Call it strange, but I have been deriving great pleasure from our snow and ice-covered streets. Then, to my dismay the mercury began to rise in January. Double-digit temperatures that had been in the negative became single digit figures. Yes, the weather took a turn for the better and my happiness began to wane with every degree the temperature increased.
Then it happened – people smiled and talked with excitement as the sun blazed overhead, the snow began to melt and form puddles and my disposition worsened. Streets that had been covered in snow began to expose the asphalt that lay beneath and my stress level began to rise.
Thankfully, the warm trend was offset by freezing at night, and then a dip back into the negative temperature range caused the water that was pooling on streets and sidewalks to freeze solid. I relaxed, my blood pressure dropped and I began to feel better. I slipped and slid on the days I walked to work, but I was happy. I was even happier when I drove.
However, the wind began to blow and the temperature began to climb. In fact, as the price of crude oil continued its free fall to less than $50 a barrel, the temperature at Maple Creek continued to increase until it approached double digits on the positive side. I was in a dither. My temples throbbed and my breath was short and almost painful.
My wife said it was a panic attack and suggested I try breathing into a paper bag as I was apparently hyperventilating in her estimation. I don’t know if her prescribed treatment would have helped my condition since I was stopped by the authorities shortly after I left the house with a bag clenched over my mouth. Apparently breathing into a bag is also associated with hugging or inhaling solvents that produce a high (and can permanently mess up a person’s brain). Therefore, I was stopped on the sidewalk, frisked and my paper bag was confiscated. I was given a stern dressing-down and told I should be setting an example for impressionable young minds. It was an embarrassing experience and needless to say, I won’t be following my wife’s medical advice any more.
To my dismay, the warming trend continued into the weekend and resulted in balmy temperatures and rainfall on Saturday that removed almost all of the ice on town streets. I was downright depressed when the temperature rose to 16C on Sunday and it must have showed as I parked in front of the News office. Walking into the building, I glanced back and realized I had committed a parking violation. My vehicle was not confined to one parking place, but was about one foot past a yellow parking line on the street. Those parking spaces are hard to fit into, especially if you have to parallel park between two automobiles that are tight to the yellow line. Worse yet is trying to get out of a parking place when vehicles have legally parked in front and behind me. Therefore, I rejoice when it snows and those awful yellow parking lines are hidden from sight. While the parking lines are a good idea for efficient use of space, their disappearance in the winter makes me feel good inside. I park where I want without worrying about how close I am to the vehicle in front of me, and I never have to worry about stress, my blood pressure or hyperventilating. Life and parking is simple in Maple Creek when it snows.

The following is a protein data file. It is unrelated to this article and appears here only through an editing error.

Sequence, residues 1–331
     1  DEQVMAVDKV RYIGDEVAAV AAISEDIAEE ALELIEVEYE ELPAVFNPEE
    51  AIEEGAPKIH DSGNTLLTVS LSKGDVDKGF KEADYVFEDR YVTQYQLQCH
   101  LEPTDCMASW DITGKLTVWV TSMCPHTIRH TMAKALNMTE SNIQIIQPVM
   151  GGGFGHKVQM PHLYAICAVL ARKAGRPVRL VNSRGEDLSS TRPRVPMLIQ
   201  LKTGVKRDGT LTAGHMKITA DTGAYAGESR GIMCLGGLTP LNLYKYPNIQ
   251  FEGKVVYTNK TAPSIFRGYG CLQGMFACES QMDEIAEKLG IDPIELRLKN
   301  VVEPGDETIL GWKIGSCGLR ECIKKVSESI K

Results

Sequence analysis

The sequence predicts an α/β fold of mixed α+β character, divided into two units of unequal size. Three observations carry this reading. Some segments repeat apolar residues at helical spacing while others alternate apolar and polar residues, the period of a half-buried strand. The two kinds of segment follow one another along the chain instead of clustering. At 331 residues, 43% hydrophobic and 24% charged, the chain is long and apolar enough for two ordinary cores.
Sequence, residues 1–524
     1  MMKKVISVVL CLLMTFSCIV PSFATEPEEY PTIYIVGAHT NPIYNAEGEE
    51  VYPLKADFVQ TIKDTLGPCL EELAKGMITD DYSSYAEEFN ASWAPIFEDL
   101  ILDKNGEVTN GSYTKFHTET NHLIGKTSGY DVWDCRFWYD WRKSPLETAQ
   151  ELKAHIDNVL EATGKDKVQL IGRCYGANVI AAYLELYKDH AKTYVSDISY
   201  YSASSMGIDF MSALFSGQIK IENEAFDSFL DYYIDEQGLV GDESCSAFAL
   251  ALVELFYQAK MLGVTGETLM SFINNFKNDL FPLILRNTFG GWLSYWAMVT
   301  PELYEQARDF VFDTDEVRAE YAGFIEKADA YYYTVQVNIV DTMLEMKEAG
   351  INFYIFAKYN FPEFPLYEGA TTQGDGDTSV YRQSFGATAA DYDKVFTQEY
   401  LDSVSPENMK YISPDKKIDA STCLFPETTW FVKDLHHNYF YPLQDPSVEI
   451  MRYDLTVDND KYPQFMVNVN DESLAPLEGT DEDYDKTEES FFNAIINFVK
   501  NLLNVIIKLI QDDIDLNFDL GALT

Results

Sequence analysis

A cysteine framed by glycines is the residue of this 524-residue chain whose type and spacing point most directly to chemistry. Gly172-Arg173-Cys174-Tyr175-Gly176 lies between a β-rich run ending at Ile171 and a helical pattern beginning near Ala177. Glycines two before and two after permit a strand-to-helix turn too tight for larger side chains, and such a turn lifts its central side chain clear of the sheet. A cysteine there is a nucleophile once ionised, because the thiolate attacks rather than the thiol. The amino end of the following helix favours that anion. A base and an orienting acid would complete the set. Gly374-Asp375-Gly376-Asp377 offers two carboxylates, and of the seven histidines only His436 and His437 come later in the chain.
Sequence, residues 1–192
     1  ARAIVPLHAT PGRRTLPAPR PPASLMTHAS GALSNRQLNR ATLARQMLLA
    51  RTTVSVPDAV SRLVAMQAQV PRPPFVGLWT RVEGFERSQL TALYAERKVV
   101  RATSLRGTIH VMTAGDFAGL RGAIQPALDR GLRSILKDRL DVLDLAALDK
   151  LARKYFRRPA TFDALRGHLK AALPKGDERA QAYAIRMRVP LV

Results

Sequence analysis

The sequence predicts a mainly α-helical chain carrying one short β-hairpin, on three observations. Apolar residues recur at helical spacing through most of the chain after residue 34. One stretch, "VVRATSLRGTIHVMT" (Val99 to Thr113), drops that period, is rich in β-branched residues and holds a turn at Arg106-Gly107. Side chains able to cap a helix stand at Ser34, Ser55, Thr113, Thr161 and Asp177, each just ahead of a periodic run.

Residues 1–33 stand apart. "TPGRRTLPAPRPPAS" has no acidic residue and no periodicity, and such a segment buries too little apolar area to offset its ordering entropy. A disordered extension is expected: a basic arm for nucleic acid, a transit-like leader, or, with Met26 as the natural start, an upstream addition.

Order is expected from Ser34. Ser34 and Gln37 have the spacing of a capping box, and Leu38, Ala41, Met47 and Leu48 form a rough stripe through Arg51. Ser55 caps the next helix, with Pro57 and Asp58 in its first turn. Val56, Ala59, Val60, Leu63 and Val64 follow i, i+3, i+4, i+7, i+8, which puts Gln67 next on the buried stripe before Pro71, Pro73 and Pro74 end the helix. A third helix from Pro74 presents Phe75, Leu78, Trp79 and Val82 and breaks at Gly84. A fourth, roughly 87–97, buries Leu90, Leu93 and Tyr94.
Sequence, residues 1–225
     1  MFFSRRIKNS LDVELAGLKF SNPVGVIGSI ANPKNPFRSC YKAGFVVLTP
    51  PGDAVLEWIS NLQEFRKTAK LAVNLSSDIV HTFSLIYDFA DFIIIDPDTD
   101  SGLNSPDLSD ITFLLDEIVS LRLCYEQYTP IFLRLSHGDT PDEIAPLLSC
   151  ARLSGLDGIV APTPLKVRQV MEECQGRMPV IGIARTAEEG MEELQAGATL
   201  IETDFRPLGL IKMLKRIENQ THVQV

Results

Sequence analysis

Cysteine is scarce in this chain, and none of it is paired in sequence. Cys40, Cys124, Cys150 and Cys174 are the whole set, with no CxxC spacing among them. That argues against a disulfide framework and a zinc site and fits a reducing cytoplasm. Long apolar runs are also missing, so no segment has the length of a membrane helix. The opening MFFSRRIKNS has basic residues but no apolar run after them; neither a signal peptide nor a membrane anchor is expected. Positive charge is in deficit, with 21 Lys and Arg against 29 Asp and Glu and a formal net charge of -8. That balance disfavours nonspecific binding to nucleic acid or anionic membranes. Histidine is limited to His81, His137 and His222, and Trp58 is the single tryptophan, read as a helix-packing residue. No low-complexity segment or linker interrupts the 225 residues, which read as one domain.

However, I recently saw an innovative way of parking when a street was lined bumper-to-bumper with parked vehicles. We have all seen the sidewalk jumpers who drive their vehicle half way onto the sidewalk and then steer back onto the street in order to avoid having to parallel park, but I saw something even more creative. It was an alternative to double-parking on the street in front of a business, and I am guessing a passenger in the vehicle had mobility issues or ice on the street had created a walking hazard. For whatever reason, the driver simply drove down the sidewalk and parked in front of the business. It reminded me of some strange parking scenes in Europe – sandwiched between a building and neatly-parked vehicles on the street was an automobile parked on the sidewalk. I thought it was an ingenious solution to a problem.
Speaking of a problem, that reminds me of a summer story and how insects can be real a real nuisance. It was a beautiful afternoon at Maple Creek’s Heritage Festival and I decided to strike up a conversation with a person in close proximity to myself. When I asked how the individual was feeling, the reply was so faint I could not hear the reply. I moved closer and asked again. The reply was louder, but still very faint. Leaning closer, the individual spoke loud enough I could make out her words: “I can’t talk – too much sex spray.”
Needless to say that frank reply raised my eyebrows and my jaw likely dropped open as well. Trying to act as if such disclosures are common place, I asked, “Too much sex spray?” The other individual choked, turned red and doubled over. She finally composed herself and spoke after catching her breath. “Too much insect spray,” she whispered. Then I doubled over in laughter as well.
What’s the point of all my jibber-jabber? It’s simple – winter is a time of quiet comfort. Aside from attacks by influenza and treacherous walking conditions on ice, snow brings the end of the mosquito season, insect repellent is not required and it makes parking downtown very easy.
Let’s all enjoy winter while we can!
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